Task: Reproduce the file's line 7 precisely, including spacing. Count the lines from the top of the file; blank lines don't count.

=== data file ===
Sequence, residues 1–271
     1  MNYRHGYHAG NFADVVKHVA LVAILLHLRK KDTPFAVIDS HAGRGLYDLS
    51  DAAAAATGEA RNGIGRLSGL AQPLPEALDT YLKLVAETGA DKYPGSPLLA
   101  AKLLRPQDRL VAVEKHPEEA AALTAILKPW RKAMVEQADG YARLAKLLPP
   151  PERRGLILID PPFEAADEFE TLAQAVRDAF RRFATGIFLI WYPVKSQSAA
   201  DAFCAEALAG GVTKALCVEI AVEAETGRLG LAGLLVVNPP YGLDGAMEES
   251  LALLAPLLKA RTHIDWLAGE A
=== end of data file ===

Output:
   251  LALLAPLLKA RTHIDWLAGE A